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Stroubles Creek
Stroubles Creek 1.jpg
Stroubles Creek just upstream of the Virginia Tech Duck Pond
Country United States
City Blacksburg, Virginia
Physical characteristics
River mouth New River
1,700 feet (520 m)
37°11′25″N 80°31′39″W / 37.1903°N 80.5275°W / 37.1903; -80.5275
Length 12 miles (19 km)
Basin features
Basin size 22.4 square miles (58 km2)
Landmarks Virginia Tech
  • Left:
    Slate Branch
  • Right:
    Walls Branch
Waterbodies Virginia Tech Duck Pond

Stroubles Creek is an approximately 12-mile-long (19 km) stream that runs through the town of Blacksburg, the Virginia Tech campus, and Montgomery County, Virginia until it empties into the New River. Most of the sections of Stroubles Creek that flow through Blacksburg and the Virginia Tech campus are piped underground, while the portion that flows through Montgomery County is above-ground. Stroubles Creek has been designated an impaired waterway since 2002.

Physical characteristics


Duckpond Virginia Tech
The Virginia Tech Duck Pond is formed by a dammed section of Stroubles Creek.

Stroubles Creek flows into the New River, which then flows into the Kanawha River, the Ohio River, the Mississippi River, and finally the Gulf of Mexico. There are two branches that merge at the Virginia Tech Duck Pond: the Main Branch and the Webb Branch. Downstream of the Duck Pond, many tributary streams flow into Stroubles Creek, including Slate Branch and Walls Branch.


The Stroubles Creek watershed, a subwatershed of the New River watershed, is 22.4 square miles (58 km2). The Stroubles Creek watershed is further divided into an upper and a lower watershed, with the Virginia Tech Duck Pond acting as a divider between the two. The Upper Stroubles Creek watershed is approximately 3 square miles (7.8 km2), and it is heavily impacted by urbanization in Blacksburg and on the Virginia Tech campus. The Lower Stroubles Creek watershed includes some urbanized areas on the western side of the Virginia Tech campus, but then it flows mostly through rural lands until it reaches the New River. The watershed is located in karst terrain, with limestone formations, sinkholes, and natural springs. The stream bed is made up of cobbles and pebbles with alluvia-floodplain deposits (stratified unconsolidated silt, clay, and sand with lenses).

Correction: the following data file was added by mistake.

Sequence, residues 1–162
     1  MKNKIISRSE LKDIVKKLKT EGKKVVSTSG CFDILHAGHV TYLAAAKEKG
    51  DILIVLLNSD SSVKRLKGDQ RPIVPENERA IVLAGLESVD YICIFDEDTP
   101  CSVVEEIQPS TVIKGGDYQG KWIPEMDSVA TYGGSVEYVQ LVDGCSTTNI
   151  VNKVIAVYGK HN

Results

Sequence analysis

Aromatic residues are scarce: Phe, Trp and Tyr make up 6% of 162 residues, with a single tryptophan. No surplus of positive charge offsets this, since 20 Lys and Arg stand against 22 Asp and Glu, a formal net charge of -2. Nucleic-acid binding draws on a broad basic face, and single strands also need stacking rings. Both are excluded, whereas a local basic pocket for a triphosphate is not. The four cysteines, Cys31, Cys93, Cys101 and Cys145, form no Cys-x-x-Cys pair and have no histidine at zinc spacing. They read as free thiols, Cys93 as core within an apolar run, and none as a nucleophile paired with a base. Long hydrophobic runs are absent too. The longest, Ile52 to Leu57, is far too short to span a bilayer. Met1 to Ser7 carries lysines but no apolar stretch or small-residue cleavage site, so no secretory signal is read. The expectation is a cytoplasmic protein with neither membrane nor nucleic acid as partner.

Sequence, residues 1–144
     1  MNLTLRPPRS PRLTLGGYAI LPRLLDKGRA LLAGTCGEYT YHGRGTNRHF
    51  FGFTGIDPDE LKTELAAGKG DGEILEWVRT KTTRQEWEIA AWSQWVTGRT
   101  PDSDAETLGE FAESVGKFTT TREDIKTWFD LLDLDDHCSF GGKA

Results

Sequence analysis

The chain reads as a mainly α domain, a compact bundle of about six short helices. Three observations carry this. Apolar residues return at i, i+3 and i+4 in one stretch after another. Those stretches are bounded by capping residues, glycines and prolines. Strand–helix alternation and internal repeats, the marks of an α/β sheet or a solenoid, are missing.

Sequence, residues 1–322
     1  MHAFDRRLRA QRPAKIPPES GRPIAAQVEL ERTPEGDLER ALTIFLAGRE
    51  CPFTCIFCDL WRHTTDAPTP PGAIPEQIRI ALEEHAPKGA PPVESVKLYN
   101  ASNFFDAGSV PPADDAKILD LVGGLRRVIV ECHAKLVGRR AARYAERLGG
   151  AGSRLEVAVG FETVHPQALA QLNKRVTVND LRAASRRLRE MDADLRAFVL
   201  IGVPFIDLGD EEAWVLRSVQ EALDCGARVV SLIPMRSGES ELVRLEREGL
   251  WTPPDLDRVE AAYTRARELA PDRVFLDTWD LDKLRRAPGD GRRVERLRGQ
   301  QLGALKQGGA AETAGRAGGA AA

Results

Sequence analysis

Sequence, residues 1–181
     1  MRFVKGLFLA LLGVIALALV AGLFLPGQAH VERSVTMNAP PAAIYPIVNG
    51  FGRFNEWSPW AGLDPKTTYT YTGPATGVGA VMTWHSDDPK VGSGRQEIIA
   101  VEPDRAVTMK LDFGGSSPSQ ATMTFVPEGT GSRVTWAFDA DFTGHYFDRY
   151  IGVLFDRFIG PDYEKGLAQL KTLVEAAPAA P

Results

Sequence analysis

European settlers first moved into the Stroubles Creek area in the 1740s. It acted as a water source for the settlers, although today the New River is used as the water source for the area. In 1798, the town of Blacksburg was founded in the upper Stroubles Creek watershed. In 1851, the Preston and Olin Institute was opened, which would later become Virginia Tech. In 1937, Virginia Tech's Drillfield was constructed, which resulted in the main branch of Stroubles Creek being culverted underground. The Virginia Tech Duck Pond was also created at this time when a dam was constructed where the two branches merged.

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